a case study in interoperability


Standardizing Medical Test Names

A hypothetical example of overcoming barriers to interoperability is valuable for architectural planning.

Our scenario is one of two different healthcare provider companies, A and B, which are going to merge and will construct and run a hospital together. They are merging because they think it will save money in the long run. They both now own their own facilities such as hospitals and clinics, employ their own doctors and nurses, and handle all the usual healthcare IT functions. On the surface, these two providers do the same things. They serve patients, manage facilities, employ people, order medical tests, diagnose patients, have clinical support systems, enter patient records, and store patient records. But inside A and B's Information Technology systems, their EHR data files and reference data files are vastly different. Their terminology is also different. Oh, they may use the same exact words, but the same word means different things to A and B. This is a case of "what you don't know will hurt you." The problem is that no one knows both A's and B's systems in fine enough detail to sort these issues out in advance. It is up to the IT requirements analysts to discover these issues and propose solutions.

Right now when doctors in company A order laboratory tests they use different terminology than the doctors in company B. They also send their samples to two different laboratories, Lab A and Lab B. Sometimes provider A and provider B even use the same words for a medical test, such as a CHEM 5 panel, but this one name means different things to the two different laboratories. When the test "CHEM 5" is actually done by Lab A or Lab B a different result is sent back to the doctor.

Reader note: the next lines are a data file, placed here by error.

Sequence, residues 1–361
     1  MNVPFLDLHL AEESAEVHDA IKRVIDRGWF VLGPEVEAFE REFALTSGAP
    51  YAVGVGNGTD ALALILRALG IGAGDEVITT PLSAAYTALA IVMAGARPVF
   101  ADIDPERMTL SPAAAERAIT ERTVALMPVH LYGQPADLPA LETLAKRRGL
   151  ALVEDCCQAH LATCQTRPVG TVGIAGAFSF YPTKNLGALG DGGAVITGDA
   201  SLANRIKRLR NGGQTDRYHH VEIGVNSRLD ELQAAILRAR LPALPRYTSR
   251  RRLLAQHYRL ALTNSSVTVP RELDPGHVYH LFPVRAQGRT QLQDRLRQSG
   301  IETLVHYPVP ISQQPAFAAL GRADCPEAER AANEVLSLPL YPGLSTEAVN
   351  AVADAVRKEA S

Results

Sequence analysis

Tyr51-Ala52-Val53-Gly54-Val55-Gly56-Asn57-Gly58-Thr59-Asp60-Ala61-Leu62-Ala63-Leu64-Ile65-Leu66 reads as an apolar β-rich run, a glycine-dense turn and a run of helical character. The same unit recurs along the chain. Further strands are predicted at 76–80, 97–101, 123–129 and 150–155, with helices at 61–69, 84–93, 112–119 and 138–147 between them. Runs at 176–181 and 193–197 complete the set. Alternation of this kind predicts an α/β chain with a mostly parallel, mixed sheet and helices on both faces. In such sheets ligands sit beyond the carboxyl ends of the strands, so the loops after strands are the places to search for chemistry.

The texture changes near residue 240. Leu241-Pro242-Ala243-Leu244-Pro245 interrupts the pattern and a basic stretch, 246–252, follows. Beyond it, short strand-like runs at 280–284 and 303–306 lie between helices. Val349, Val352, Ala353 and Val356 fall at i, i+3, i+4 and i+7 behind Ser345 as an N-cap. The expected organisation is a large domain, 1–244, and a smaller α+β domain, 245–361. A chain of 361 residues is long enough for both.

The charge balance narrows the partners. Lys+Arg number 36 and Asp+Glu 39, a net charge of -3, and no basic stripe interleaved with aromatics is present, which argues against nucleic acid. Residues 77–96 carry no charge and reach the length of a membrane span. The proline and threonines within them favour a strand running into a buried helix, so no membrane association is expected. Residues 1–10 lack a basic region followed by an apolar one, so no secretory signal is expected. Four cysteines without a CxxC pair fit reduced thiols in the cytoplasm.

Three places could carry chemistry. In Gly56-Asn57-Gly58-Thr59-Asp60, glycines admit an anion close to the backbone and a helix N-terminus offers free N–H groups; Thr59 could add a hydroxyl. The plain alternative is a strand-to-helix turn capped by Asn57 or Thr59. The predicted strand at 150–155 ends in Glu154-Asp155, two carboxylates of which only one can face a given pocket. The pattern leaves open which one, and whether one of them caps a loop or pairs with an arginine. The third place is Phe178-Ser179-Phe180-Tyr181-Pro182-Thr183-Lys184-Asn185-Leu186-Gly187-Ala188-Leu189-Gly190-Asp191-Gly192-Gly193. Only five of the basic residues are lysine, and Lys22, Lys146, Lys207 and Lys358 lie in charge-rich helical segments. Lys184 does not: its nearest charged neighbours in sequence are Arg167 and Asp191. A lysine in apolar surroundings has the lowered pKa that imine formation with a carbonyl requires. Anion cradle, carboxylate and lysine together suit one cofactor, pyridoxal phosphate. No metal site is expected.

The challenge is to merge the two different sets of clinical test names so that the new joint hospital can use a common set. There are over 10,000 laboratory tests which can be run. In order to merge the clinical procedures into one common list, all of these test names must be reviewed by a team of doctors, lab techs, and IT people from both A and B so that mapping can be done from the old one to the joint one. Ideally a joint list of new official names should be drawn up but since the facility will be opening in 9 months, there is not enough time to review 10,000 tests. If both A and B had moved to an international data standard before they merged, they would have avoided the terminology nightmare of analyzing whose codes to use and what they mean.

Applying our research

  • Components of Success: both the structure and the meaning of the data (architecture and semantics) being shared is clear and accurate. All issues have been discovered and resolved. Staff has been trained on the new joint procedures.
  • There are many types of people who are consumers of the products of Healthcare IT. CIO's need it to plan workflows for their organization. Nurses need it to ensure quality care for patients enabled by accurate and timely patient data. Doctors need it to order tests. Billing people need it to properly code diagnoses and create invoices.
  • Data standards and common terminologies are a part of the choreography which enables the dance of interoperability. Agreed upon common reference data tables in the form of terminologies are crucial for communication between enterprises. The biggest part of interoperability is the behavioral standards of the software systems.
  • Real world problems: let's examine how HIT requirements analysis can be a challenging process.
  • Where are the standards for Medical Test Names?
    The LOINC standard contains clinical test names.
  • Common terminologies